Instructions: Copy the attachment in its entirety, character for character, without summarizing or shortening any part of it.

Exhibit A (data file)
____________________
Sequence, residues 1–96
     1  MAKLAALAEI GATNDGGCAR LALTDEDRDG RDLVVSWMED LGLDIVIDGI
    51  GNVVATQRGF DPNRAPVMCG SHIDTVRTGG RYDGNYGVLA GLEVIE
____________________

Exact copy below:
Sequence, residues 1–96
     1  MAKLAALAEI GATNDGGCAR LALTDEDRDG RDLVVSWMED LGLDIVIDGI
    51  GNVVATQRGF DPNRAPVMCG SHIDTVRTGG RYDGNYGVLA GLEVIE